A few years ago, when I was a new Boy Scout, about 12 years old on one of my first campouts, I remember watching a Scout leader setting up some shiny, thin metal panels with a rack in the middle next to a small campfire.
“Convection oven,” he said cryptically. “Watch the magic.” The magic turned out to be fresh baked hot biscuits out in the middle of nowhere. We all fought over a few bites.
I heard those words again — convection oven — recently when I went rock climbing. On Saturday, I was climbing with a friend at a place called Teddy Bear Cove. It features tall, dark basalt walls with a sandy base a few miles southeast of American Falls Reservoir and near the Massacre Rocks climbing area. It’s popular with the ATV crowd and hikers and climbers. A few campers also pay visits.
It’s nearly impossible to climb there in the summer because of the heat. This time of year and in the spring, conditions can be just right. Except when the temperatures push higher than the mid 60s. At 65 degrees, you head for the shade.
When I tell fellow climbers who haven’t been, that the best temperatures are between 45 and 55 degrees, they give me a dubious look like I’m selling them a new brand of snake oil or the latest and greatest protein powder. Those who I’ve convinced to come along often come overdressed. They bring their puffy coats and long pants, usually regretting it later.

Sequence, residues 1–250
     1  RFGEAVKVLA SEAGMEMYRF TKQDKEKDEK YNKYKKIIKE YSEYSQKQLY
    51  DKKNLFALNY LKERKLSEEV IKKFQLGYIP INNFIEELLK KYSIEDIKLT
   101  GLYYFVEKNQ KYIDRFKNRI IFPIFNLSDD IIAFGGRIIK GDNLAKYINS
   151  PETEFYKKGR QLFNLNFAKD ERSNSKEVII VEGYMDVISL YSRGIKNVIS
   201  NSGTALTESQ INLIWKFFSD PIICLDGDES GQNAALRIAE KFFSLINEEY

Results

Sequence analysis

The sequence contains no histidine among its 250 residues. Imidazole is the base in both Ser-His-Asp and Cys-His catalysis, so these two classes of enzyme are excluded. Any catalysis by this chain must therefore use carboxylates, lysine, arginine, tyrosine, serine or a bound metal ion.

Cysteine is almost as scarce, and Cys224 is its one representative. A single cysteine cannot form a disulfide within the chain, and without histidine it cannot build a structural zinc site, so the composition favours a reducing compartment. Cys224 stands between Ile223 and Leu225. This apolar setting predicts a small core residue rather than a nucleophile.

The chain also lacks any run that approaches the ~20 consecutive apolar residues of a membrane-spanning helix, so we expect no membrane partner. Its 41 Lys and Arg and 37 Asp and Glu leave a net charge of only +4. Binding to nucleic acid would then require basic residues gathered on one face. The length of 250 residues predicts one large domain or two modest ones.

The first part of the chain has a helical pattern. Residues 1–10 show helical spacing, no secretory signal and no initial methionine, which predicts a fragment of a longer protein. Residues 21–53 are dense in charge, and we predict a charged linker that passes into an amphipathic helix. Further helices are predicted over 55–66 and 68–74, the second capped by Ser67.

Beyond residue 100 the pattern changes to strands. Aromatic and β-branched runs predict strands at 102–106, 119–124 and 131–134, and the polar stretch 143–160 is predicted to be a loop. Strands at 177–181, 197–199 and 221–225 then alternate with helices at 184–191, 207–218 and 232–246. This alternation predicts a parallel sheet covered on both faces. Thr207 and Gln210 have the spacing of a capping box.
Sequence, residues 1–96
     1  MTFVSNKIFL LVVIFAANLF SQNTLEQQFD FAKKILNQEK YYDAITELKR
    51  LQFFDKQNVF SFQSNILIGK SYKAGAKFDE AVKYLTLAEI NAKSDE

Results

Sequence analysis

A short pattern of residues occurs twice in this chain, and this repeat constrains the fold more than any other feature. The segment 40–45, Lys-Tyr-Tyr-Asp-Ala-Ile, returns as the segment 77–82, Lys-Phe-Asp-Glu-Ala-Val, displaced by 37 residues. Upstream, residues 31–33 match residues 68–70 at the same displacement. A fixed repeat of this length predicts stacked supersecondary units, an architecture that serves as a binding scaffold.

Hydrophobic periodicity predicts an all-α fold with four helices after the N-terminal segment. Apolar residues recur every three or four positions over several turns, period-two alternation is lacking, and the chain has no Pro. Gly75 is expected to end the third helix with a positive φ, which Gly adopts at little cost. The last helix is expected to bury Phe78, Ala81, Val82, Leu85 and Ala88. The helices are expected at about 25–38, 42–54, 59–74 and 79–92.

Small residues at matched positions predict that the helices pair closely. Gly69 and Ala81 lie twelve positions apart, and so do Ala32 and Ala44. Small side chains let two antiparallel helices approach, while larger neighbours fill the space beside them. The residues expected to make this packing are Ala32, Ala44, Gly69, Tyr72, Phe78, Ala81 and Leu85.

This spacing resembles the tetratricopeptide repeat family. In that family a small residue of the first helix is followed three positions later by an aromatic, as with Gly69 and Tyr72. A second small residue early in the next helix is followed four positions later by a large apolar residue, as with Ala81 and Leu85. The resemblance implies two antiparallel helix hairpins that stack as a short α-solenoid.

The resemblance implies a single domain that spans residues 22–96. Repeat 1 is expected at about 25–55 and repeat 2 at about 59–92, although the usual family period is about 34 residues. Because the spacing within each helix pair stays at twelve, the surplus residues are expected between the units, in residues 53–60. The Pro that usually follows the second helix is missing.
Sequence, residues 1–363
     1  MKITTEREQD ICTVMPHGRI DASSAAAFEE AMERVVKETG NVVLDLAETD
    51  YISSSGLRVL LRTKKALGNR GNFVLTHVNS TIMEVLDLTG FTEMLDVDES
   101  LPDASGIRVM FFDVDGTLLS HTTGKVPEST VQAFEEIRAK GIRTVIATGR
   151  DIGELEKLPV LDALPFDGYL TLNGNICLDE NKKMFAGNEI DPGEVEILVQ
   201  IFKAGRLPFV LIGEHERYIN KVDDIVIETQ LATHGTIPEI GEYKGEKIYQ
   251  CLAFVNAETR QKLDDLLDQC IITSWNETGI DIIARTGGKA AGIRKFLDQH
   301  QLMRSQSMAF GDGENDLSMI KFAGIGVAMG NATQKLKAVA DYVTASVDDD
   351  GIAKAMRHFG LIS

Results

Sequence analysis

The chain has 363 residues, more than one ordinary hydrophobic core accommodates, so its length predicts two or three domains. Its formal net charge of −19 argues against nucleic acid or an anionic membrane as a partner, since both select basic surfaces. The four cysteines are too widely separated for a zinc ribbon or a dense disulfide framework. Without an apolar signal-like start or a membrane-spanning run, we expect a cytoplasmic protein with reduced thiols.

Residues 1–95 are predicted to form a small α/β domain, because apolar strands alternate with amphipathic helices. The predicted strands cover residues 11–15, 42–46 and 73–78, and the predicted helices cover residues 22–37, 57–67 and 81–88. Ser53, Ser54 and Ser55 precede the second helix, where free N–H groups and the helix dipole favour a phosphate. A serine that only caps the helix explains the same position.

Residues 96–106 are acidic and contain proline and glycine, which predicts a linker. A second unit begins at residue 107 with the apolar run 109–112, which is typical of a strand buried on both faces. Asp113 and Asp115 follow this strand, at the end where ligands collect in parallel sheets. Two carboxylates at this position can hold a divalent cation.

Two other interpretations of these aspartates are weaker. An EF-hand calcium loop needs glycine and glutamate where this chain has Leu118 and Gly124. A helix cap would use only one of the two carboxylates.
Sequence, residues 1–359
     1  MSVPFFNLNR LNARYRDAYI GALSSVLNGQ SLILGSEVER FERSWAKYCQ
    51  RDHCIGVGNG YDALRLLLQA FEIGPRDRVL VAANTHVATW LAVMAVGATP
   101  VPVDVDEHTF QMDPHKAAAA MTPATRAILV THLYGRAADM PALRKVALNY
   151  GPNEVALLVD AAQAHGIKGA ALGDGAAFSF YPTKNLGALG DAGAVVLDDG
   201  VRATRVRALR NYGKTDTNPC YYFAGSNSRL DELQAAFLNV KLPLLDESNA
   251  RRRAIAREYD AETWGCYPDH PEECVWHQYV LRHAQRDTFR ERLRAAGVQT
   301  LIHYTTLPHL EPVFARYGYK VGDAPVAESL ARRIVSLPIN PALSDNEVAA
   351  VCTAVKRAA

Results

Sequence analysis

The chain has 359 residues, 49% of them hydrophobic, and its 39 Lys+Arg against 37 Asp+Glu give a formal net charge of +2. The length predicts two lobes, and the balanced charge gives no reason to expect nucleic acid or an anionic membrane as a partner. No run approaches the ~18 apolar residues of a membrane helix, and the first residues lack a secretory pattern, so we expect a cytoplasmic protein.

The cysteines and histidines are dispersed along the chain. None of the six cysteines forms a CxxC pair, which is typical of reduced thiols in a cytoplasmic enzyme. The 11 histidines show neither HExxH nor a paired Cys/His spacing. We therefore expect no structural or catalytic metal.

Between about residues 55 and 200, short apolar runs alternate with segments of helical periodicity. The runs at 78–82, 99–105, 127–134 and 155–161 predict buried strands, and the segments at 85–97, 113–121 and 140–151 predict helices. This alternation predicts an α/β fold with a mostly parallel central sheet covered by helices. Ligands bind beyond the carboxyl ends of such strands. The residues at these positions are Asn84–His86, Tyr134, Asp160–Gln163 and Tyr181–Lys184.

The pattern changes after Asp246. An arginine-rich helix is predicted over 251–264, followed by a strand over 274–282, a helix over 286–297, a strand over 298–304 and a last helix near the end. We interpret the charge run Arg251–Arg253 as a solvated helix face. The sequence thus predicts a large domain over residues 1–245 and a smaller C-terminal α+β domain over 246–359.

“It’s like a convection oven,” I tell them. “You’ll be chasing shade.”
Teddy Bear Cove is like the little brother to Massacre Rocks. It doesn’t have even a fourth of the routes of Massacre, but it makes up for it in other ways. It’s easy to get to, driving and hiking in.
Where we went, it took perhaps 2 minutes to hike to the wall. The drive was also less of a headache than the ever-changing maze of bumpy, “high-clearance only” jeep roads needed to find Massacre.
While spring and fall are prime times to visit some of the more deserty areas in eastern Idaho, it also pays to be a weather watcher. The weather can change dramatically this time of year — even hourly. I often check the Doppler radar for the area to see where the wet stuff is falling. Isn’t the internet great?
This weekend a group of climbers were to gather at Teddy Bear Cove to do some cleanup and some climbing. Having been there recently I can say there is some trash near the cliff base left behind by some dough heads who forgot what their mommas taught them about cleaning up after themselves.
So until we’re forced to drive to southern Utah for summery outdoor fun, the desert east of American Falls will do just fine.